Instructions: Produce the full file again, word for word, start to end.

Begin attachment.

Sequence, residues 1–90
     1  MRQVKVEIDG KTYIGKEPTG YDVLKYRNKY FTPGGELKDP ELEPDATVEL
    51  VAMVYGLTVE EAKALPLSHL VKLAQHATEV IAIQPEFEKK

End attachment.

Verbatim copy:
Sequence, residues 1–90
     1  MRQVKVEIDG KTYIGKEPTG YDVLKYRNKY FTPGGELKDP ELEPDATVEL
    51  VAMVYGLTVE EAKALPLSHL VKLAQHATEV IAIQPEFEKK